**Abstract:** A fundamental task in distributed systems (like the Internet) is to determine efficient routing paths between all pairs of nodes. For efficiency reasons, one frequently resorts to constructing approximate shortest path based on new node labels that encapsulate some hints on a node's location in its name. While the optimal trade-off between routing tables size and approximation ratio is fairly well-understood in this setting, little attention has been paid to quick construction of such tables in a distributed manner. This is crucial, since usually it is impractical – or even infeasible – to aggregate the topology of large systems in a single location, and in a dynamic environment the solution might be already outdated before it can be put to use.

In this talk, we present a novel technique for distributed routing table construction running in *O*(*n*^{1/2+ε} + *D*) rounds of communication (up to polylogarithmic factors in *n*), where *n* is the number of nodes in the system and *D* the diameter of the communication graph. Our algorithm uses messages of size *O*(log *n*) and guarantees approximation ratio *O*(*ε*^{−1} log *ε*^{−1}). Under these constraints, our solution is near-optimal: Every algorithm using messages of size *O*(log *n*) and achieving a polylogarithmic approximation must run for Θ(*n*^{1/2} + *D*) rounds. In contrast, previous algorithms incur running times of Θ(*n*) even in graphs of constant diameter. Our approach yields improved distributed algorithms for a number of related problems, including distance approximation and Generalized Steiner Forest approximation.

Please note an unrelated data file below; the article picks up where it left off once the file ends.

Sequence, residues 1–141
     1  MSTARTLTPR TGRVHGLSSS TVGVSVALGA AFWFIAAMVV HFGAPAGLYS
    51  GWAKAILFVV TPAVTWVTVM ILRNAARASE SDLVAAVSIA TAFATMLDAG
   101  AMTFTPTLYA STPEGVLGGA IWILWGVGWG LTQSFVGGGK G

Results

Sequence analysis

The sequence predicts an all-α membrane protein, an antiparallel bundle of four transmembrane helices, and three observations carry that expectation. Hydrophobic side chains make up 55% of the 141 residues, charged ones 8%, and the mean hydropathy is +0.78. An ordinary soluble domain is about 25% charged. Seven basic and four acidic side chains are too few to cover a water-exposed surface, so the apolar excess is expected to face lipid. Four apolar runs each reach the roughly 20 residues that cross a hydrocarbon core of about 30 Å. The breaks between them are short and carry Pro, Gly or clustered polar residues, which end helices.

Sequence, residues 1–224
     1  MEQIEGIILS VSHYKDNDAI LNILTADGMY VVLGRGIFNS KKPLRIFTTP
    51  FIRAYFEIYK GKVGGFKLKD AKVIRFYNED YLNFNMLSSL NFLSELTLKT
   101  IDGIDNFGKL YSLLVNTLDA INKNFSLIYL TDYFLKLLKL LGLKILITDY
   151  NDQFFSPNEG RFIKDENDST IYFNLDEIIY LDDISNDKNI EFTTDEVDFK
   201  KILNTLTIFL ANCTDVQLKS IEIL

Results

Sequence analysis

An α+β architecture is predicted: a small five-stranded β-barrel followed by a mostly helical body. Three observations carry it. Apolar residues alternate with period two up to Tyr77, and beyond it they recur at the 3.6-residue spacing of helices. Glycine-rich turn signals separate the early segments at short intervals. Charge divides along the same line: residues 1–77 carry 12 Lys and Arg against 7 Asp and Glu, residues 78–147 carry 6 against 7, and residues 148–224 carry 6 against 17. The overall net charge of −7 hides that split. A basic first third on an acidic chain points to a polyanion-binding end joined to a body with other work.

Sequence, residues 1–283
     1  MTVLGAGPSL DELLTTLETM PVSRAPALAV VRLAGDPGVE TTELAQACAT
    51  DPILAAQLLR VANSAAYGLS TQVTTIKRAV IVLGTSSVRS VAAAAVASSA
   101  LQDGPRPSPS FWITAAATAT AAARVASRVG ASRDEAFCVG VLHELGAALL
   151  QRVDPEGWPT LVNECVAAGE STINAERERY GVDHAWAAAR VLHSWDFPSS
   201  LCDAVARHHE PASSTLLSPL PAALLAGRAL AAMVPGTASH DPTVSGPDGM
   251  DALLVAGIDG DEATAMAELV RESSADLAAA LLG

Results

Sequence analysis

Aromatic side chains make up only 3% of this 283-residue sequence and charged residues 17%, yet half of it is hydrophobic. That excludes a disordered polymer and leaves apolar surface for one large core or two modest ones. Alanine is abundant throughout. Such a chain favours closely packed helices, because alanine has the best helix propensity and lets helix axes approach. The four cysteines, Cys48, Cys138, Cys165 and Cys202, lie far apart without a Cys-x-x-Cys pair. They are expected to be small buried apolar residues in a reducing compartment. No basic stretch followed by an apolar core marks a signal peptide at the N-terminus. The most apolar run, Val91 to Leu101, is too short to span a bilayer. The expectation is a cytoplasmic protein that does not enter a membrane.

**Biography**: Christoph Lenzen received a diploma degree in Mathematics from the University of Bonn, Germany, and subsequently performed his graduate studies in Distributed Computing in the group of Professor Roger Wattenhofer at ETH Zurich. In 2011, he was a postdoctoral Fellow at the Hebrew University of Jerusalem, with Danny Dolev. Currently, he is a postdoctoral fellow at the Weizmann Institute of Science, with Professor David Peleg. In 2012 and 2013 he will be a postdoctoral fellow at MIT, with Professor Nancy Lynch. His research interests cover distributed computing in a wider sense, including topics such as randomized load balancing, graph algorithms, and clock synchronization. He published e.g. at PODC, SPAA, FOCS, and STOC, and in JACM. In 2009, he and his coauthors received the PODC best paper award for their work on gradient clock synchronization.